Friday, September 09, 2005

Chefs Are From Mars, Cooks Are From Venus?

Professor Chaos has an interesting take on Mom vs. Dad cooking styles and the lessons they taught us:

"Without saying a word, what our mothers taught us is that cooking is the process of feeding a family. This is in stark contrast to what our fathers believe, which is that cooking is a process in which you invent unique and delicious creations and through which you bond with your kids."

To a certain extent, I can see his point. However, in my family, it was a little more complicated than that, in part because of my parents' backgrounds and upbringing.

My mother pursued a degree in what was then called (quite un-PC'ly) Home Economics. She never finished the degree, because she married my father and found herself in the practical side of the discipline instead of the theoretical, but she never forgot what she had learned. I'm convinced that her abilities in those pursuits were as much talent as skill, but that's a matter for another discussion.

The point is, she knew her stuff when it came to the kitchen. A lot of people, especially women of her generation, that I know, know how to cook the dishes that they were taught growing up. They know that X dish requires Y ingredients cooked for Z time and temperature. But my mother taught me the basics -- how to boil water, and eggs, and how to regulate temperature and not burn milk and how salt or pepper or sugar or any number of spices affected flavor. In short, she laid the foundational knowledge that would eventually allow me to not only follow a recipe, but to avoid catastrophe when not following one specifically. And yes, she did teach me more of the practical side of cooking.

My father had no such formal training in cooking. What he did have was a childhood and adulthood of abject poverty, which taught him quite well how to make do with what he had. This meant that my father was almost an artist at taking the simplest, cheapest of ingrediants and making something flavorful out of them (as witnessed by his potato soup recipe). This meant he was, to admit it, far more creative in the kitchen than my mother was. However, my mothers ability to master any cooking style taught to her is unsurpassed. She can bake pastry, can, pickle, and handle just about any task set before her. My fathers SKILLS were limited to frying, grilling, and a little bit of baking, but what he DID coook was always inventive, interesting, tasty, and well-presented.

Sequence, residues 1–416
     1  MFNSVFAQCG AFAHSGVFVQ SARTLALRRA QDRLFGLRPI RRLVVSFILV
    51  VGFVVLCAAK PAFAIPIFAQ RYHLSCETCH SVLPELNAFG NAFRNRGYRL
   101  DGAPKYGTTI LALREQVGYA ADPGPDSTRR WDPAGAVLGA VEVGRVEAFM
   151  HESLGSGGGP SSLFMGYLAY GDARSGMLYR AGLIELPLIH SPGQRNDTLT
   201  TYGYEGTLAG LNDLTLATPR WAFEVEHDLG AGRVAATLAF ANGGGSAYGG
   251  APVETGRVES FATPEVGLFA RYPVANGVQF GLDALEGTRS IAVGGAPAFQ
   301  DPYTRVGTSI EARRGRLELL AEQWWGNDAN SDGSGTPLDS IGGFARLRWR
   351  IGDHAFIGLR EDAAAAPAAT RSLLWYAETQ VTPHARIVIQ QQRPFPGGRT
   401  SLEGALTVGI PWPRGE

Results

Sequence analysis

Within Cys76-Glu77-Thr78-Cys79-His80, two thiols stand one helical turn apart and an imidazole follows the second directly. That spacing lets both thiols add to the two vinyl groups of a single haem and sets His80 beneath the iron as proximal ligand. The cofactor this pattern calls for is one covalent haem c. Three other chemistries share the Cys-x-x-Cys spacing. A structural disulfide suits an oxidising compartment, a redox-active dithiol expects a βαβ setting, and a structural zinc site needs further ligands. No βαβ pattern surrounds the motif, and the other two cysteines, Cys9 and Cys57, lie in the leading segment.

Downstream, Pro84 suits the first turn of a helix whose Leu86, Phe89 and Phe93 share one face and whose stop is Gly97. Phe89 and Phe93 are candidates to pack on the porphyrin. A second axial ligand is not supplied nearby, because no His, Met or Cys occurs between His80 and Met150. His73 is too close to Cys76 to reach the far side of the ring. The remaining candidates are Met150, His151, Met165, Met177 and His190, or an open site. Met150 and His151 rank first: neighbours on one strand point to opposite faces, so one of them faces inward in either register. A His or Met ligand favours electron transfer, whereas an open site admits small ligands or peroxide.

One last point to make, as an observation not of my parents but of my own progression as a cook: Professor Chaos should have not only compared men to women, but SINGLE men to MARRIED men. I remember how I used to bristle when I'd hear people make the tired old joke that bachelors can't cook. I knew it was BS because I was a bachelor and I could certainly cook. But I noticed that I didn't cook. Or at least, not much beyond tossing something into the microwave. But the abilities were there. Why didn't I use them?

The answer came to me when I started having a social/party/dating life, and suddenly found myself throwing together some damned good recipes. It was obvious. Men cook fancy only when we have an audience. Why bother going to all that trouble to make something special and present it nicely if you're the only person who'll experience it? But when we have other people who can appreciate the effort, especially if that person is an attractive woman, well then, suddenly we're Bobby Freaking Flay.

That, I think, is the REAL difference between male and female cooking styles. Women cook to feed families, men cook to woo women.

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